- Don Juan [Lying]

Sooner shall this blue ocean melt to air,
  Sooner shall earth resolve itself to sea,
    Than I resign thine image, oh ,my fair!
      Or think of any thing, excepting thee.
      - Don Juan [Constancy : Remembrance]

'Tis sweet to hear
  At midnight, on the blue and moonlight deep,
    The song and oar of Adria's gondolier,
      By distance mellow'd, o'er the waters sweep;
        'Tis sweet to see the evening star appear;
          'Tis sweet to listen as the night winds creep
            From leaf to leaf; 'tis sweet to view on high
              The rainbow, based on ocean, span the sky.
                Sweet is the vintage, when the showering grapes
                  In Bacchanal profusion reel to earth,
                    Purple and gushing; sweet are our escapes
                      From civic revelry to rural mirth;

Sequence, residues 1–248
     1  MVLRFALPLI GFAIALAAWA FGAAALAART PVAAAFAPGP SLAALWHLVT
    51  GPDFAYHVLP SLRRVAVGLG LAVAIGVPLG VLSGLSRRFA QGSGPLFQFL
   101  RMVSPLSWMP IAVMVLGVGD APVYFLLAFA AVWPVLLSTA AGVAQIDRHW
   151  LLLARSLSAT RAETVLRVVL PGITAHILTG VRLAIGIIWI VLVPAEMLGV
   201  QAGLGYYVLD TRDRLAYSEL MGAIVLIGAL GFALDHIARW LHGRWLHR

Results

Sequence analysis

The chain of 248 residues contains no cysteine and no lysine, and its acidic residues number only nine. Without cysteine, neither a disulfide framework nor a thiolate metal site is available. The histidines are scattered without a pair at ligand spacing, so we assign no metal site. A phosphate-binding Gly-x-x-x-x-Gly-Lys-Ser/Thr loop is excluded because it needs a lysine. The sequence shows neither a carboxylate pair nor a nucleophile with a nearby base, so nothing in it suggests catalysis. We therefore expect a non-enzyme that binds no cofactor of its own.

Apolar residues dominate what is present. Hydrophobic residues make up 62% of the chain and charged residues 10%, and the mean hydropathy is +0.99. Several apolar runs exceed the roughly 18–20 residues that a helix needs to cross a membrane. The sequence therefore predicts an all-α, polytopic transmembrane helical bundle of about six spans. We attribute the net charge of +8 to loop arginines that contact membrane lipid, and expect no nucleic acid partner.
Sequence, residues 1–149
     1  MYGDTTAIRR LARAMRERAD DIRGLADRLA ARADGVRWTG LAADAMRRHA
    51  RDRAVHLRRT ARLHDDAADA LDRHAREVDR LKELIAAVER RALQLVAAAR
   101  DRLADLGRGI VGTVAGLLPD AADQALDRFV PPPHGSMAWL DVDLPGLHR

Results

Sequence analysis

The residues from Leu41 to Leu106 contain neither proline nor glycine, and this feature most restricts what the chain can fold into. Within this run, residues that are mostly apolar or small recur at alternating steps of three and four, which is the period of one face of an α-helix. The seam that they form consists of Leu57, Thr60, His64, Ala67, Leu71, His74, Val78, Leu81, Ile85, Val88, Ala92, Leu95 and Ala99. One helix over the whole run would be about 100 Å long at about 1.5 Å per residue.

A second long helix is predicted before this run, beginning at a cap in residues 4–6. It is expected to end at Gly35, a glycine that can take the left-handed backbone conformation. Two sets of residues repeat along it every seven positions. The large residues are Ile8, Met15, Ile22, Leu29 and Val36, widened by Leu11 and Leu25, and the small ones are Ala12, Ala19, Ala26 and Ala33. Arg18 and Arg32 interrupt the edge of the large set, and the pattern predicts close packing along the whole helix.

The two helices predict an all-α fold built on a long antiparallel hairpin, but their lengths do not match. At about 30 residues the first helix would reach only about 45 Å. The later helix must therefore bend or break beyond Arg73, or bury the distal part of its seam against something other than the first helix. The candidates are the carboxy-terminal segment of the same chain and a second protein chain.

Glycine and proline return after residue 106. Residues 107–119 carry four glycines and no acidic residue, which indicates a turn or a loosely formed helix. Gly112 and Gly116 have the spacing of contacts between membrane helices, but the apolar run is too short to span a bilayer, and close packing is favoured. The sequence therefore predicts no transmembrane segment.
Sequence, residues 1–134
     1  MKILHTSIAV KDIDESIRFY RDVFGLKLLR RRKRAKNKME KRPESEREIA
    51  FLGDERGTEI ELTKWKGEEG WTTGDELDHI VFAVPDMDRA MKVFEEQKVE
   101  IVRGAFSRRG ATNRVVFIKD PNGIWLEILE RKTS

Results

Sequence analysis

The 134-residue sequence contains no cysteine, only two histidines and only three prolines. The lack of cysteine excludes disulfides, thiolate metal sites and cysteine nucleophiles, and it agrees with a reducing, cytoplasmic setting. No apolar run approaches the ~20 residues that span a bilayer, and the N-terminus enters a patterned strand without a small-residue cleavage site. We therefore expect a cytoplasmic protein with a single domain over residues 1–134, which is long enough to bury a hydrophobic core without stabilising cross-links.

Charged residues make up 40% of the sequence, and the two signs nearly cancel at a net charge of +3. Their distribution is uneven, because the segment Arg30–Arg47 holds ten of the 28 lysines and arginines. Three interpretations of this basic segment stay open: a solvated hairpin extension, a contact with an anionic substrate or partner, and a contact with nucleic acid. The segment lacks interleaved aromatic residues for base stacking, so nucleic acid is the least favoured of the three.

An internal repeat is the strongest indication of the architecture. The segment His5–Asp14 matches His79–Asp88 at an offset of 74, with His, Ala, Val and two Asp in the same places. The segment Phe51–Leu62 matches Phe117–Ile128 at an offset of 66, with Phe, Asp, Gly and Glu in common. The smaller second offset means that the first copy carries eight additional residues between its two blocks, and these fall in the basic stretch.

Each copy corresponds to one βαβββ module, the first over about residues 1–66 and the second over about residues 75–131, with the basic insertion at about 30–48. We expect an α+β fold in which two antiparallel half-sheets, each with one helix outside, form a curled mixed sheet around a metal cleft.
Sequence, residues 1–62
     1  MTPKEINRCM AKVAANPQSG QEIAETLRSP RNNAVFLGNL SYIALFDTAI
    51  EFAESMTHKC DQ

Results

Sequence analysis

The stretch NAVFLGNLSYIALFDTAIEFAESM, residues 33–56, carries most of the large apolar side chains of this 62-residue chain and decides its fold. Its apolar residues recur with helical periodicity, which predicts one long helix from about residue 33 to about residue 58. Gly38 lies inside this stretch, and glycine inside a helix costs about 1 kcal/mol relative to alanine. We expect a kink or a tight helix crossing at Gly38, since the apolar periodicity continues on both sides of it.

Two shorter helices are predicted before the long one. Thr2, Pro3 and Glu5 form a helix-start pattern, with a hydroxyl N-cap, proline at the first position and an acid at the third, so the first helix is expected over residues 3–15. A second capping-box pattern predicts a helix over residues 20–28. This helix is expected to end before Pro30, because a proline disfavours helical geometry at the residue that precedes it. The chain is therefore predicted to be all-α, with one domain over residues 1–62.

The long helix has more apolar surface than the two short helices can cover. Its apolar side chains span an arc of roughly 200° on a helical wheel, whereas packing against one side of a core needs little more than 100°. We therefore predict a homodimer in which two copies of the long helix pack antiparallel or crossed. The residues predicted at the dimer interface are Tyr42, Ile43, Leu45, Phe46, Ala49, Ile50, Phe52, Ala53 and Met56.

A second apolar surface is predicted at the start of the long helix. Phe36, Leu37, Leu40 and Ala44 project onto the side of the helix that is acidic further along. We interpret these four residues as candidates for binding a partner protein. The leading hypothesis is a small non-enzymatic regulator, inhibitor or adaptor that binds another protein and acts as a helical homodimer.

Sweet to the miser are his glittering heaps;
                          Sweet to the father is his first born's birth;
                            Sweet is revenge--especially to women,
                              Pillage to soldiers, prize-money to seamen.
                                'Tis sweet to hear the watch-dog's honest bark
                                  Bay deep-mouth'd welcome as we draw near home:
                                    'Tis sweet to know there is an eye will mark
                                      Our coming, and look brighter when we come: